Diegetic sounds come from a source within a film’s fictional universe. These sounds are audible to the characters and film audiences. Diegetic sound helps to shape the space and time of the shot. Diegetic sound can be on- or off-screen, and could be recorded during filming or manufactured during post-production.
Nondiegetic sounds emerge from beyond the film’s fictional world. Only film audiences hear these sounds. While diegetic sounds help to shape the spatial and temporal setting of the film, nondiegetic sounds, typically music added in post-production, are not affecting the dramatic action directly. In other words, characters do not hear or respond to the music that film audiences hear.
Foley sound refers to sound effects that are created and recorded in sync with the film. Foley sound is customized for each film and scene. Traditional sound effects, in contrast, are recorded on the street, for example, or taken from a library of standard, pre-recorded effects, and then edited into the film in the post-production phase. Note that any sound effect introduced in post-production would be distinct from sound recorded during synchronous shooting.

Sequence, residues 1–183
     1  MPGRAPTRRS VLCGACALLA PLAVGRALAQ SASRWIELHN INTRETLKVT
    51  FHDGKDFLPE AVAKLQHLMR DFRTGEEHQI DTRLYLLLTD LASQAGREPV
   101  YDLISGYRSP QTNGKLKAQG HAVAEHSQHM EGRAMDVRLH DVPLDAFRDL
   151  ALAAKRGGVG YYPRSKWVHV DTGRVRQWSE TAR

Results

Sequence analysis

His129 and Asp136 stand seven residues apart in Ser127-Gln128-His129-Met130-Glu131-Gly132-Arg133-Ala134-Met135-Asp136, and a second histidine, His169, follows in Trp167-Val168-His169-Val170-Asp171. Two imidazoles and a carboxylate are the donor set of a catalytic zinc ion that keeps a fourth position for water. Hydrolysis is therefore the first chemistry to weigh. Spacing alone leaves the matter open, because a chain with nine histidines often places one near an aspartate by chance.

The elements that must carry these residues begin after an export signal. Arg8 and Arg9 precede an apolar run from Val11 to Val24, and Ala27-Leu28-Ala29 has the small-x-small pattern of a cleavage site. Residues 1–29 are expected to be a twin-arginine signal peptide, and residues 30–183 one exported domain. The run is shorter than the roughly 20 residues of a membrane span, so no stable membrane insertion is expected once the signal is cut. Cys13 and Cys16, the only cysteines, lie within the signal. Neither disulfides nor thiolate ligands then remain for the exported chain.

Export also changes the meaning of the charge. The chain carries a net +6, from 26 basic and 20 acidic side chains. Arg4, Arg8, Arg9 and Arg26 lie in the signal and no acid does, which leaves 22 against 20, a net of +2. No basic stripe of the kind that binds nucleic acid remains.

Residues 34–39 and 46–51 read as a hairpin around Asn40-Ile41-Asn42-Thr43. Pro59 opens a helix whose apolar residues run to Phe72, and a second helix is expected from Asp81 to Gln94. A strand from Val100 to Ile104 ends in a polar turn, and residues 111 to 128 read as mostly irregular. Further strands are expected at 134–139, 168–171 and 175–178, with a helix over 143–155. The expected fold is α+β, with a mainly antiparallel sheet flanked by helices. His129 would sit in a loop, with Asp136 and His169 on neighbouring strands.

External sounds emerge from the film’s fictional world and are heard by the characters. In contrast, internal sounds represent a character’s private thoughts. In adaptations of classical literature, soliloquys (one talking to themselves) are often presented as internal sounds.
Music in film is motivated by the plot and designed to respond to, enhance, and interact with various aspects of mise-en-scène and cinematography. Filmmakers may license specific performances of classical or popular music, or they may commission pieces specifically composed for their films. Sometimes, characters in a film would play music, too.
It may seem counterintuitive to examine silence as part of our study of sounds and music in film. Silence is in fact a very important element. Silence can endow a scene with profound or transcendental meanings. The interplay between silence and sound can also draw audiences’ attention or highlight a character’s alienation. Silence can be unnerving. It can also be calming, depending on the dramatic situation.